Pride is a wonderful thing, but too much pride may blind someone to the inevitable future they create. Pride is great it gives people self confidence and makes them happy. The more pride someone has the more they accept themselves. Excessive pride can leave people to poor choices that cannot be reversed. In the short story “The Cask of Amontillado” by Edgar Allan Poe, Fortunate is a prideful man with a great life; however, he lets his pride blind him to his inevitable faith.
Fortunate “prided himself” a little too much “on his connoisseurship” of wine believing himself the best. (209) Mentors having much pride in himself as well ought revenge on Fortunate for insulting him, and uses Fortunate pride against him by threatening to use another wine tester. Fortunate falls for this trick by letting pride overcome himself. In the short story “The Scarlet Ibis” by James Hurst brothers pride gets in the way of his caring for his little brother.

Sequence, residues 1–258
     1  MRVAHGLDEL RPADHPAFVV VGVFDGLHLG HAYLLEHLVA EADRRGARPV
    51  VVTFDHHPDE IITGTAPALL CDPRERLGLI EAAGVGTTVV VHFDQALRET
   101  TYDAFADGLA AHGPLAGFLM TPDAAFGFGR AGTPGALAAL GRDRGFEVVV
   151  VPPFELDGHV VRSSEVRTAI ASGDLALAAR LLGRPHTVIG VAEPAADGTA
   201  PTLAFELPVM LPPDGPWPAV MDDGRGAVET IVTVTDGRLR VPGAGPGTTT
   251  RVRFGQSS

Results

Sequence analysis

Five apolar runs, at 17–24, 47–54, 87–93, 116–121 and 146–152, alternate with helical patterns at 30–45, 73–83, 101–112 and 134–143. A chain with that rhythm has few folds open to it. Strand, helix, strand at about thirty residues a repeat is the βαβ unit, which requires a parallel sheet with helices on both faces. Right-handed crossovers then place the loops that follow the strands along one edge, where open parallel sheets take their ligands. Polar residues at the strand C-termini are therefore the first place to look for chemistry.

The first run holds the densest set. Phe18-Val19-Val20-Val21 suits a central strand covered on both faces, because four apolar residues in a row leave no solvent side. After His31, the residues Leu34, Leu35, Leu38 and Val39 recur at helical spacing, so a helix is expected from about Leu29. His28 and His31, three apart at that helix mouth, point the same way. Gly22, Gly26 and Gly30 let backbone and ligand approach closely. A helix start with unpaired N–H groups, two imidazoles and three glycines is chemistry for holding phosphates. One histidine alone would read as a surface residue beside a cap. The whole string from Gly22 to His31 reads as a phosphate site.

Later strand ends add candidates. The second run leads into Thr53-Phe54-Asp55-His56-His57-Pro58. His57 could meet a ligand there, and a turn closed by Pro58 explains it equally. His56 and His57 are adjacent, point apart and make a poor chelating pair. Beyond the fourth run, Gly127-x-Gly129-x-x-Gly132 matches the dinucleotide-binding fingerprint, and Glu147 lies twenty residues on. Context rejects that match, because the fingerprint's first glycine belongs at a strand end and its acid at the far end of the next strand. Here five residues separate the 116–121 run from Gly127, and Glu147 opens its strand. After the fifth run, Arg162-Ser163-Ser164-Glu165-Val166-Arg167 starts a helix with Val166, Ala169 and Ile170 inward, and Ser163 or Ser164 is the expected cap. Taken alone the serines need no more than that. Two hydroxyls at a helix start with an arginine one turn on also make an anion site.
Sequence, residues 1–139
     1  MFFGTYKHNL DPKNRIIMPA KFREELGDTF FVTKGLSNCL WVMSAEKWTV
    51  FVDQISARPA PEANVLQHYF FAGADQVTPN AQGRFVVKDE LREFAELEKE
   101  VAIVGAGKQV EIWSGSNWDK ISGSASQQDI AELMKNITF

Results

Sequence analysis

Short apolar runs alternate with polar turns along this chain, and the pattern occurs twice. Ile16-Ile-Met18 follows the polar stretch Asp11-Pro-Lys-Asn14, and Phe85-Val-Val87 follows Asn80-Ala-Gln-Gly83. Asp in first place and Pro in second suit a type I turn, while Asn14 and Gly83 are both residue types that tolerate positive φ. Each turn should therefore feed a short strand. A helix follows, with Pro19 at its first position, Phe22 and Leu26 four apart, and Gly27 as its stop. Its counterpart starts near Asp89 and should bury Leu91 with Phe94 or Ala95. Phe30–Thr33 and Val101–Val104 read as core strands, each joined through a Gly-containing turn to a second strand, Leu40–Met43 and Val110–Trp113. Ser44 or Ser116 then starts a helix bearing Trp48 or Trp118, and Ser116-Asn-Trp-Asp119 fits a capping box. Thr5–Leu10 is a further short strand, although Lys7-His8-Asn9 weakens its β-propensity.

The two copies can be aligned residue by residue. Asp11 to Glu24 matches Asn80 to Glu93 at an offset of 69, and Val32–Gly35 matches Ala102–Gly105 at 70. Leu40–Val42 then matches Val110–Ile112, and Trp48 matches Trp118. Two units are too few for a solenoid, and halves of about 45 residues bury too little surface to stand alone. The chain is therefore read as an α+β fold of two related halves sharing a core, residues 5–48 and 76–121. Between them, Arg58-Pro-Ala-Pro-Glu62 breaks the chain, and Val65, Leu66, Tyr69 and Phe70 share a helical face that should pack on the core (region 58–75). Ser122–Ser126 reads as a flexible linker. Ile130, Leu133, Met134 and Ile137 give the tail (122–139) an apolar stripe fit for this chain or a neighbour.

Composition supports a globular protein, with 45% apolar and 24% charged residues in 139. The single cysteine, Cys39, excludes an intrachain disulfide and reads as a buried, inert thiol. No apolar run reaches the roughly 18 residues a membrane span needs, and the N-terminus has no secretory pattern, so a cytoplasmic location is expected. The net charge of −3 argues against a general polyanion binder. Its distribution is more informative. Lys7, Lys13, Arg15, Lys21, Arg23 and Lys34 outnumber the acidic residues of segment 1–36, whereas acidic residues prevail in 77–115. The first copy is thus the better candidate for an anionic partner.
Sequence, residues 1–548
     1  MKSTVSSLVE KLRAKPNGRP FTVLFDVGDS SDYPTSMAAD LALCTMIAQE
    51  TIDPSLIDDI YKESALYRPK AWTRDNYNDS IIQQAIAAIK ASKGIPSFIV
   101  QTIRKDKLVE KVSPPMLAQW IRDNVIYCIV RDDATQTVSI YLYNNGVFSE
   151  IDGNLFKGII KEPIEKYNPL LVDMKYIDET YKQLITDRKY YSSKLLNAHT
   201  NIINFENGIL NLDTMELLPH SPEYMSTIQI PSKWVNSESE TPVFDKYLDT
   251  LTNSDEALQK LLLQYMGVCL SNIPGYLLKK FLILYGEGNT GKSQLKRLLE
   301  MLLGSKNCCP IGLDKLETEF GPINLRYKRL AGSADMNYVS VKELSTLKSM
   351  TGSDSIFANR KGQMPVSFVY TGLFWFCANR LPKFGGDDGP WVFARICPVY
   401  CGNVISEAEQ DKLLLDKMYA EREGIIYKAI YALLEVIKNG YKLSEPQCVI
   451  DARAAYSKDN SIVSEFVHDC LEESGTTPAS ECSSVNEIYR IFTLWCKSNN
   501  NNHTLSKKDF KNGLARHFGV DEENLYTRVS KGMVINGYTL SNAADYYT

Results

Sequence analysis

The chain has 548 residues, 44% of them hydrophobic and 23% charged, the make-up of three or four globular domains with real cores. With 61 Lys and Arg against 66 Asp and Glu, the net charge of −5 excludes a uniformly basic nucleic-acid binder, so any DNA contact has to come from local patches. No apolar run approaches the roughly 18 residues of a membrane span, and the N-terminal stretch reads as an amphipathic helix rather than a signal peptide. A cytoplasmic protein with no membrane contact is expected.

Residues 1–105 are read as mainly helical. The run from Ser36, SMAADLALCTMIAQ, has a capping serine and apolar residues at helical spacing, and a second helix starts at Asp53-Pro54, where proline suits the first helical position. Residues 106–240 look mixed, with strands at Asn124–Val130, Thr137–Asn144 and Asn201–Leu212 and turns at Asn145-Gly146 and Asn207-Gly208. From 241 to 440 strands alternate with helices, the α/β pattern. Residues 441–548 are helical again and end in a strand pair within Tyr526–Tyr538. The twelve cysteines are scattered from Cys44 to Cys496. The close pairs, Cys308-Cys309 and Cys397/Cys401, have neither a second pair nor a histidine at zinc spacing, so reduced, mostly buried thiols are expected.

The narrator gets a new brother, but he is not all there. He’s ashamed at first but his pride leads him to love his brother. Then the narrators pride leads him to teach his brother doodle to walk. He then believes he can teach him to do everything. But then a terrible fate happens to the narrator’s rather, which concludes “pride is a terrible, wonderful thing” “that bears two vines, life and death”.
The narrators pride blinds him of the fact that doodle is not running as fast and that he has over worked him. Pride is great until someone lets it blind them. Fortunate lets it blind him and is trapped deep in the wine cellar and dies. Brother lets his pride blind him to the over working of doodle and finds him deceased. Pride is great it will make you happy. It will make you accept yourself. Pride will also lead you down an irreversible path of life and death, and will ultimately decide your faith.